The Hidden Costs of Paid Duty Policing
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The Hidden Costs of Paid Duty Policing

Want to achieve better policy outcomes on paid duty policing? Let's be more frank about the costs.

Toronto’s Police Service managers are skilled at hiding potential budget savings behind a wall of paperwork, process and professional jargon. A new City staff report plays into that habit by downplaying just how much one wasteful practice—paid duty—costs the City of Toronto.

Through paid duty, uniformed Toronto Police Association officers have a monopoly on private security work for most street closures, parades, on-street construction sites and other public events. While a 2011 audit [PDF] suggested City Hall has considerable flexibility to curtail paid duty costs, city officials have been deadlocked for years about just how much flexibility provincial law allows to make substantial changes. So at the request of Council, city staff recently drafted a report asking Queen’s Park to amend its laws accordingly. Executive Committee is scheduled to consider the report today.

The new report states that officers earned $25 million in extra income from paid duty in 2015 and that only $1.25 million of that was spent by City of Toronto departments and agencies. The Police Service recouped another $5 million from paid duty equipment rentals and administrative fees. At first glance, that looks like a win—but only because the staff report sidesteps other ways that paid duty is a big cost to Toronto’s treasury.

First, there’s the cost of paid duty for non-profit special events. The 2016 report reads as if this is someone else’s problem. However, special events have received millions in grants to “cover higher costs” in recent years. One of the biggest cost drivers is the pressure to hire more and more uniformed officers for paid duty. The Police Association has the authority to set paid duty hourly rates, so it’s no surprise that paid duty wage hikes also outpaced inflation since 2004. That helps to explain one conclusion of the 2011 audit, which found that a few officers were even sidestepping regular duties to take advantage of richer paid duty shifts.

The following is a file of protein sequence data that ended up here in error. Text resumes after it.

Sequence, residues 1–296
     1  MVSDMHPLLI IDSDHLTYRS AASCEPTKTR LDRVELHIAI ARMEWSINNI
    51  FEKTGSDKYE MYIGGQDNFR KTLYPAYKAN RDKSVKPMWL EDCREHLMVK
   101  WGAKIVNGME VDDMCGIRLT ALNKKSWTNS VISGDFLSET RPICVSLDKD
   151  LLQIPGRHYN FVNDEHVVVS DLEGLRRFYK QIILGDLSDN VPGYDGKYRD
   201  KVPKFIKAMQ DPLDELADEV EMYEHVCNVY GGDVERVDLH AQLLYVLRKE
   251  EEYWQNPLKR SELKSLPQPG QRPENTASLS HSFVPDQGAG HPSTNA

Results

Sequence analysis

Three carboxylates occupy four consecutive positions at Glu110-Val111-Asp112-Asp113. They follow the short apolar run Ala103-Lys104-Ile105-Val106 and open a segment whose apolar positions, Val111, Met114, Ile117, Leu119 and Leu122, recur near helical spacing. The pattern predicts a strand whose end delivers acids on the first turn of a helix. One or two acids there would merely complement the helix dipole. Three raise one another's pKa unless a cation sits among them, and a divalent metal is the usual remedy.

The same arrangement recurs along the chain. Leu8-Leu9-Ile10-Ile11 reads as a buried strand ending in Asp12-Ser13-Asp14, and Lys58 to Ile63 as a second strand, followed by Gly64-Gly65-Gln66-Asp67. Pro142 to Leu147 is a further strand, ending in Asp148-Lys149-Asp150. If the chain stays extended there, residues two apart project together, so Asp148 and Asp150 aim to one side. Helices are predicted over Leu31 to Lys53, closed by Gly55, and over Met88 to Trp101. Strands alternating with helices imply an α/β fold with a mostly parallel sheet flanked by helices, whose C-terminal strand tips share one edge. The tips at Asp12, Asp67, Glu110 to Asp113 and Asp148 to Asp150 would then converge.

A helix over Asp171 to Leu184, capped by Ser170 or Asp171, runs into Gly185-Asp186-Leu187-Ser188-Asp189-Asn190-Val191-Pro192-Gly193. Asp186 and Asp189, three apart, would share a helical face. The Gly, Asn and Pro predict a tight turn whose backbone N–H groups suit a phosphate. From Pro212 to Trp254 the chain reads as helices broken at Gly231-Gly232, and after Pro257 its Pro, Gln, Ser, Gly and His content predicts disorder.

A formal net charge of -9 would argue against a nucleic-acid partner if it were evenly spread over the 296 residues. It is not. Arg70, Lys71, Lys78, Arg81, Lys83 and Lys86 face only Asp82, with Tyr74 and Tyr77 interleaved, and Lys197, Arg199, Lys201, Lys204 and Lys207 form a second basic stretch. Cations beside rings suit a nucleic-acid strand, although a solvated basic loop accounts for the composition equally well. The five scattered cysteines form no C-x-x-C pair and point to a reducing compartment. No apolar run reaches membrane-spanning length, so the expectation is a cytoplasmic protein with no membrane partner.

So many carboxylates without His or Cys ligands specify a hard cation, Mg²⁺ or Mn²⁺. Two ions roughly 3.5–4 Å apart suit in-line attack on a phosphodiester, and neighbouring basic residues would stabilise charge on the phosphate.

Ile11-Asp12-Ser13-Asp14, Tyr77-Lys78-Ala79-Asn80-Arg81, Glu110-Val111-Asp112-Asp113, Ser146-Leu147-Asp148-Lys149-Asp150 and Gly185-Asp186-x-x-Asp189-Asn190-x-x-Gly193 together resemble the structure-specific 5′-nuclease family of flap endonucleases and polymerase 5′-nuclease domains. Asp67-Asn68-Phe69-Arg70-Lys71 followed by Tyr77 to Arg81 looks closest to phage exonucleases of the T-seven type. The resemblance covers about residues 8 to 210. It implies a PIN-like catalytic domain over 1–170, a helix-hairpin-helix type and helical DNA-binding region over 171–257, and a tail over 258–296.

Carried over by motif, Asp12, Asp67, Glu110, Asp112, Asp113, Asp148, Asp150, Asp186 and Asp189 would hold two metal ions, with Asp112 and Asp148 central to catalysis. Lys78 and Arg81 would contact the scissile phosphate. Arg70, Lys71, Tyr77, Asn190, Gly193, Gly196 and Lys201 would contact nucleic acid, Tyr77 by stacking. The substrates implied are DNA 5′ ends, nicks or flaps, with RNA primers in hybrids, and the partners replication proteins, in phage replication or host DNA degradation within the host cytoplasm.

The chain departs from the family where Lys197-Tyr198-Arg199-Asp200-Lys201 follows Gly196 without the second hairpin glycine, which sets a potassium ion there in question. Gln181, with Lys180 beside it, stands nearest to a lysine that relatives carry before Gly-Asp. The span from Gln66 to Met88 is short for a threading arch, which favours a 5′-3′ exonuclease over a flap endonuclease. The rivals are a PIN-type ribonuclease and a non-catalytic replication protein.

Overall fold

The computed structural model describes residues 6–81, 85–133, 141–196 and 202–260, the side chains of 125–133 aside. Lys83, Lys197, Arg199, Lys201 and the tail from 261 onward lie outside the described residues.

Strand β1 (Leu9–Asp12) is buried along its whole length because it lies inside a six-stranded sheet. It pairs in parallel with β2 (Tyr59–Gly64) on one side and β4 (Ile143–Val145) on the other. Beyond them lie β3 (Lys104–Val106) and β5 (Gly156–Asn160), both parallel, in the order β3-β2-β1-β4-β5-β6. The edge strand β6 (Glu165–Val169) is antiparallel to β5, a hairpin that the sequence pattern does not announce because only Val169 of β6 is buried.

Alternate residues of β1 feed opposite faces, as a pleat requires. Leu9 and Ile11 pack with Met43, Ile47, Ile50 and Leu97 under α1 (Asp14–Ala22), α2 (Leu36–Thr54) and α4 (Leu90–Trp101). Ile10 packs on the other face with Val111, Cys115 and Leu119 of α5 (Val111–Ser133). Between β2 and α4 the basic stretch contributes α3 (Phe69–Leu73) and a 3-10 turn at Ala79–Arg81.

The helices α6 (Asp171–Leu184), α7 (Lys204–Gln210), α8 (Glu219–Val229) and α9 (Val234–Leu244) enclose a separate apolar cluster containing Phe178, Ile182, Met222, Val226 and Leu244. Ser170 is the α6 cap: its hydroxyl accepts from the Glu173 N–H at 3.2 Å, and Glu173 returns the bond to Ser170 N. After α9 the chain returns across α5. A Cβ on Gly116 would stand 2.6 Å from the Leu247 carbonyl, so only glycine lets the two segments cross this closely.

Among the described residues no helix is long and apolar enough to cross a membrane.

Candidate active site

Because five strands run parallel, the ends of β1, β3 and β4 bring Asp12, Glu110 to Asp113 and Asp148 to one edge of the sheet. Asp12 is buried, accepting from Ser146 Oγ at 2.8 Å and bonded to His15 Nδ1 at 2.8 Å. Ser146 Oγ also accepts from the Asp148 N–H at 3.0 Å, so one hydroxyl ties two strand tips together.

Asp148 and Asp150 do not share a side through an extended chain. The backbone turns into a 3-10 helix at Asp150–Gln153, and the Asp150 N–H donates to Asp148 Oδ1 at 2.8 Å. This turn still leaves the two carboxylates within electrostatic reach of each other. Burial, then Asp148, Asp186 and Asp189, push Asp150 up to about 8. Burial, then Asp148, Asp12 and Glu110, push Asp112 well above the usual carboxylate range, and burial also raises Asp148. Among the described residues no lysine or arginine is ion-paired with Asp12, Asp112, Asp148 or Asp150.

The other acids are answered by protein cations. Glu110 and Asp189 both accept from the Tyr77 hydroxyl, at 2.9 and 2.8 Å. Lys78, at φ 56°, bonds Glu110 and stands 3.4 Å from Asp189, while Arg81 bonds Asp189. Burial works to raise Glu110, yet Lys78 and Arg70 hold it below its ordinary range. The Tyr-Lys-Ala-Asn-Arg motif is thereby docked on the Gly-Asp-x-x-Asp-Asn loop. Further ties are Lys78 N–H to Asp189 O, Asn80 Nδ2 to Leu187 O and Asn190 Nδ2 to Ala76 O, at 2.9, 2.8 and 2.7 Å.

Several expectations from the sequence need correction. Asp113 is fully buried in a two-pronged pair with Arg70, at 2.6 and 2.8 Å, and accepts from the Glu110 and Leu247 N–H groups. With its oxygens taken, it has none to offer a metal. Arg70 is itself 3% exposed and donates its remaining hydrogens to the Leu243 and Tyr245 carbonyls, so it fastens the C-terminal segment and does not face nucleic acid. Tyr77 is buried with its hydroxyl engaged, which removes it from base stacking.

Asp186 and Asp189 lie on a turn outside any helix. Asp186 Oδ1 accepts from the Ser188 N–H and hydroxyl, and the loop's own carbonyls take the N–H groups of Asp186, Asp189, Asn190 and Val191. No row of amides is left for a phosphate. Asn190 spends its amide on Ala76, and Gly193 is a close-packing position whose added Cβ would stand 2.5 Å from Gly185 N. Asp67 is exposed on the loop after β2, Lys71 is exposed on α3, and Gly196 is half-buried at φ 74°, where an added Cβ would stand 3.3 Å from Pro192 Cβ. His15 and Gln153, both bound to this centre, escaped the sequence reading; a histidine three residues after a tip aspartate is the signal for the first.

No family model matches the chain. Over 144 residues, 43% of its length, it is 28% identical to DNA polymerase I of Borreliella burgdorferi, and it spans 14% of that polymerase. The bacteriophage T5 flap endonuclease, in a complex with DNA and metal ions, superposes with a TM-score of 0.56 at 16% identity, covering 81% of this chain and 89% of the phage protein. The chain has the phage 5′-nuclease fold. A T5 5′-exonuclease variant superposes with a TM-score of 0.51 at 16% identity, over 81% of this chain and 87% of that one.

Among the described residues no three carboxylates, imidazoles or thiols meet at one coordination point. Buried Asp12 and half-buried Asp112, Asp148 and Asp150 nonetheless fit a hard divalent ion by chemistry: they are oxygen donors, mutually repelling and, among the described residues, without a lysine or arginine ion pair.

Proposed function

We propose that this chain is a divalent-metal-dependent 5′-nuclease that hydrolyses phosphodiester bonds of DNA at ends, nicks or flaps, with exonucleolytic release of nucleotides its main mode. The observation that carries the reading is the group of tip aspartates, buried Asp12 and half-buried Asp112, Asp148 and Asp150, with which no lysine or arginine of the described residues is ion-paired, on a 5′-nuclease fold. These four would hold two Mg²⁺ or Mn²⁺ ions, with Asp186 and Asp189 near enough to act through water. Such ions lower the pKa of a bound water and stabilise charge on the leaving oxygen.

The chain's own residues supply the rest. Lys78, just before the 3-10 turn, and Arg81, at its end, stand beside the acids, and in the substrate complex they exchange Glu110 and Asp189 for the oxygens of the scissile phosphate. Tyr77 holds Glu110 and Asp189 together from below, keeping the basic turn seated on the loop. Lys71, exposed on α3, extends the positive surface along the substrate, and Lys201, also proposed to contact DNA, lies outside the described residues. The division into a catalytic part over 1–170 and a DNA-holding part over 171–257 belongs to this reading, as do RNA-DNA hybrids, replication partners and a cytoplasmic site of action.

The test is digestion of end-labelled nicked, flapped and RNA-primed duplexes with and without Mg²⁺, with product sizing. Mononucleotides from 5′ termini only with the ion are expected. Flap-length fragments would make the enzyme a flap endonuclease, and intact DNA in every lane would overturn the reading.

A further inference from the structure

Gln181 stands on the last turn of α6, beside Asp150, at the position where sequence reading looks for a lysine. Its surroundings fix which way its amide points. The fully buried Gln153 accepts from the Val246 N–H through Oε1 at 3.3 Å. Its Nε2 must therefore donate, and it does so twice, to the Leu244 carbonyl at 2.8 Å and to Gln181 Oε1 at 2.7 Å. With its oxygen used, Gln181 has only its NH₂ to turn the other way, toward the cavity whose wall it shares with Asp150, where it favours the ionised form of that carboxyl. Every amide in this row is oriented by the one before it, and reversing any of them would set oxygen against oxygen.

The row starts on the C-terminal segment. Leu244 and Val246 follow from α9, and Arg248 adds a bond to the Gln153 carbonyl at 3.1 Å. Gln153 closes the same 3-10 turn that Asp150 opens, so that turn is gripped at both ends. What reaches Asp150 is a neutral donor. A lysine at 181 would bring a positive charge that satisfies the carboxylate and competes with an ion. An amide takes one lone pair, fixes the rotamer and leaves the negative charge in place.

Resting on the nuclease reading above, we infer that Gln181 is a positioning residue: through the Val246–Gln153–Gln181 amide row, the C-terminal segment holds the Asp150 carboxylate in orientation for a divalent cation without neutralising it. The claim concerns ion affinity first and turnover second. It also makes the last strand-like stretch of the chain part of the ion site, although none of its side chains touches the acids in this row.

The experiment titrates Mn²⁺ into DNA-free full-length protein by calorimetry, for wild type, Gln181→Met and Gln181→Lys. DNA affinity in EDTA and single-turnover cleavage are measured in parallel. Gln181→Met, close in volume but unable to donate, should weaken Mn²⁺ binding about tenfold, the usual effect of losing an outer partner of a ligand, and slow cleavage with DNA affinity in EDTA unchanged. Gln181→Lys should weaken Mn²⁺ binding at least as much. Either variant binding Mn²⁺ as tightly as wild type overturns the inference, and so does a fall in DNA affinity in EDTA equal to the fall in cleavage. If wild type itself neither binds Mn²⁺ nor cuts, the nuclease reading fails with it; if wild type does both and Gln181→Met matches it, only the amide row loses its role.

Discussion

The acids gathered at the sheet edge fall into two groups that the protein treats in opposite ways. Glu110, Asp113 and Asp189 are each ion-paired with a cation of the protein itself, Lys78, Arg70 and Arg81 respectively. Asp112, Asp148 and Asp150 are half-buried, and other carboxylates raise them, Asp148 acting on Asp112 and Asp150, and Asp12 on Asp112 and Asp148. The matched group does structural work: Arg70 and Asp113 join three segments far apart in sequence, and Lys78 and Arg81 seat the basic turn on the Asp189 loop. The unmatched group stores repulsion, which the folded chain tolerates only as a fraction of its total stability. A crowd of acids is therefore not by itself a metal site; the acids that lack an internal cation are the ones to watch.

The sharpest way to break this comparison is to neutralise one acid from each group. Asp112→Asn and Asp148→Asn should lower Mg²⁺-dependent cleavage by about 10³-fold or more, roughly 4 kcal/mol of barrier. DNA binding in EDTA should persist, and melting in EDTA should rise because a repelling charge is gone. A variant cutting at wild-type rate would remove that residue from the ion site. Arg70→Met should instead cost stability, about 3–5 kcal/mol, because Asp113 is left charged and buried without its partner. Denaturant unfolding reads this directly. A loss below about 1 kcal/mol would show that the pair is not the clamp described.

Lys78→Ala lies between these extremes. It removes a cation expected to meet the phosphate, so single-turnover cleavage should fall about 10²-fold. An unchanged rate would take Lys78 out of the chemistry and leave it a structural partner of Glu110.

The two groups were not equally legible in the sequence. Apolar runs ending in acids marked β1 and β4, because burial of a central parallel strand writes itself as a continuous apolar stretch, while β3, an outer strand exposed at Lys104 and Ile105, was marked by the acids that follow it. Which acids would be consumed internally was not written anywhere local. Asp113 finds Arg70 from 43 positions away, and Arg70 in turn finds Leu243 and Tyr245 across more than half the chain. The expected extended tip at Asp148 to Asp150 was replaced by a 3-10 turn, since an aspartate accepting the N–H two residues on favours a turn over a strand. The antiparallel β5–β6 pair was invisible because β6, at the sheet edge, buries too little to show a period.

But there’s another larger cost beyond special events subsidies. The most frequent and visible use of paid duty is to provide security for on-street construction work.

Paid duty apologists insist that private construction firms pay for police paid duty on their job sites. In reality, private firms working on public jobs—like road repairs, new bike lane construction or waterworks renewal—bill every penny of their costs back to City Hall, just as any contractor would bill you for his or her costs to renovate a house. Those costs include paid duty security. And the budget from which most of these projects is funded is Toronto’s capital budget—the side of the budget that pays for infrastructure. Much of the infrastructure budget is itself financed with bond issues to amortize construction costs over the life of the asset, and longer 20-30 year debts are now typical to take best advantage of low interest rates. Meaning: at least some of the unnecessary cost for paid duty is certain to be funded with borrowed money, with all the accumulated interest that comes with it. Given the financing costs, some paid duty at public construction sites could be north of $120 an hour, all so highly-trained police can make $68 an hour to stare at passersby.